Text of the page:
When Las Vegas police entered the room on the 32nd floor of the Mandalay Bay resort on October 1, they found 23 guns. When they searched the home of Stephen Paddock in nearby Mesquite, they found 19 guns and thousands of rounds of ammunition.
In all, the shooter, who took 58 lives after opening fire on a music festival, had 60 less guns than one registered Shoalhaven gun owner who, it has been revealed, has 102 firearms.
The questions many people are asking is, why does anyone need so many firearms? We accept that in a rural setting, guns can be a necessary tool for pest eradication and the humane despatch of injured or sick livestock. We understand the need for a small variety of firearms.
However, we find it hard to see the logical reason for amassing private arsenals.
While the owners hopefully harbour no murderous intent – and so far there was no prior indication the Las Vegas man would go on his rampage – there is always a risk of the guns falling into the wrong hands. And there is a risk of an owner going off the rails and committing a dreadful crime.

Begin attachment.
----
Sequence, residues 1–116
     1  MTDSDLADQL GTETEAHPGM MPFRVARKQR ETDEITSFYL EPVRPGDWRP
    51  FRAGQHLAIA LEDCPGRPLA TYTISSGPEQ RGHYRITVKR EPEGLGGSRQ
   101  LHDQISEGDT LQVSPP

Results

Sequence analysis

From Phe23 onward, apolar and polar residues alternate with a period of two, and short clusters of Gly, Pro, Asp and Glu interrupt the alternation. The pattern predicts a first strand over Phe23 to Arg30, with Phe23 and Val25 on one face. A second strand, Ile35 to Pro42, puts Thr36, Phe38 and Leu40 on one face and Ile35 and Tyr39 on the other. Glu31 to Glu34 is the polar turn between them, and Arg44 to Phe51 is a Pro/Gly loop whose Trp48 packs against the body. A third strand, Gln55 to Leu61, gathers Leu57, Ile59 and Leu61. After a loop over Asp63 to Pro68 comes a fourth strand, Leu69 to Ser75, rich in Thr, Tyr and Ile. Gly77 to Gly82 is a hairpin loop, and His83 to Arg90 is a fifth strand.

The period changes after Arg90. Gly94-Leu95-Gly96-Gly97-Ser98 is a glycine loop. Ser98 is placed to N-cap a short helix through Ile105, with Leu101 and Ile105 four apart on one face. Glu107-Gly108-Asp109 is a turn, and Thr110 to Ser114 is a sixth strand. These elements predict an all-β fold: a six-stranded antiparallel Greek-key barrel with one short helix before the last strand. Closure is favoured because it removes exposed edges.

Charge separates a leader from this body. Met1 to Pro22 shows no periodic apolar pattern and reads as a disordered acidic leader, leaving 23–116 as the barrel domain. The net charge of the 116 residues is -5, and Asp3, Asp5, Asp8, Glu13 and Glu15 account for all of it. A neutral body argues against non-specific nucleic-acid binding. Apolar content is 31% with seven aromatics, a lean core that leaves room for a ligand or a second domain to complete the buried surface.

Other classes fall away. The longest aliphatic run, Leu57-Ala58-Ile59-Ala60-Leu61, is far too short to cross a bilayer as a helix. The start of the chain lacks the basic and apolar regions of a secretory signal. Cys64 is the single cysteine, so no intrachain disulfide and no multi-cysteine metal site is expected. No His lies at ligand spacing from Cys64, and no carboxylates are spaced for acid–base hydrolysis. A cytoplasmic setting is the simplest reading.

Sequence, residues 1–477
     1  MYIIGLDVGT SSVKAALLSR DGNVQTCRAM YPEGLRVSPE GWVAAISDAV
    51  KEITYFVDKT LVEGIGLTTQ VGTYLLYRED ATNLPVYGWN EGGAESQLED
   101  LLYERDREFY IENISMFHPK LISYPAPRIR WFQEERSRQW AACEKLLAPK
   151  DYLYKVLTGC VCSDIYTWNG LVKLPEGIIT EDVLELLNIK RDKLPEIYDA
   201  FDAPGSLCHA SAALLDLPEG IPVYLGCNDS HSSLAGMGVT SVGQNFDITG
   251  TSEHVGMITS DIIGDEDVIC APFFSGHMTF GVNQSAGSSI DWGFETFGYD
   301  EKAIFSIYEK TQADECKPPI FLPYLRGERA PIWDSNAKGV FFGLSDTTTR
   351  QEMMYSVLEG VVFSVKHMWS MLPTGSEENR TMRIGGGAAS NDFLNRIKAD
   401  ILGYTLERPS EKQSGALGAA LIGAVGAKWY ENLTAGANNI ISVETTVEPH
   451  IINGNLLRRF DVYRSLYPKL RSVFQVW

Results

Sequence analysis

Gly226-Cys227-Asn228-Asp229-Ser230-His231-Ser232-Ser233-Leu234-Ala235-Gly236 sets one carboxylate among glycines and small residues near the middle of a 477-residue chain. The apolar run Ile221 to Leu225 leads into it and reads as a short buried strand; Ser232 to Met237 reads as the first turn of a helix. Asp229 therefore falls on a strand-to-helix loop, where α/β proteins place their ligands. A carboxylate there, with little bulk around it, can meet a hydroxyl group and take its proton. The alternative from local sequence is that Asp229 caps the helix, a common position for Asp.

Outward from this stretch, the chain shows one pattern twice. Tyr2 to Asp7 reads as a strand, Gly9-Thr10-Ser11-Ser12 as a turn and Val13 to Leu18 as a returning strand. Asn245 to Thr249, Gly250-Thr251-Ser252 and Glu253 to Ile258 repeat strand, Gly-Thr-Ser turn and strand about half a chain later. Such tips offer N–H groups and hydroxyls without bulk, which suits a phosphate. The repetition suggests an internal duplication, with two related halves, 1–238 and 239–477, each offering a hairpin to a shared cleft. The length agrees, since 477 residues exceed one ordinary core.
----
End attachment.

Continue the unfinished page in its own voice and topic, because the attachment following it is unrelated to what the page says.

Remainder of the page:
The more guns at their disposal, the greater the likelihood of more casualties.
Australia’s gun laws are often upheld as the way to go for America, where the number of victims of gun violence has surpassed the number of casualties in all wars in which the US has been involved.
Our watershed moment came in 1996 after the Port Arthur massacre. Newly elected prime minister John Howard took on our own vocal gun lobby to overhaul and strengthen the rules governing what weapons could be kept and who could keep them. Touch wood, we have not had a mass shooting since.
We ought to be proud of our gun laws – and we ought to protect them from being watered down.
The Greens’ suggest there should be a threshold for amassing firearms, that once an owner has five guns, police should ask for justification for any more.
They point to suburban Newcastle, where one owner is the registered owner of 310 firearms. What possible justification, they ask, is there for an individual to own such a weapons cache?
Unlike the US, there is no constitutional right to bear arms in this country. Nor should there be an automatic right to amass a private arsenal.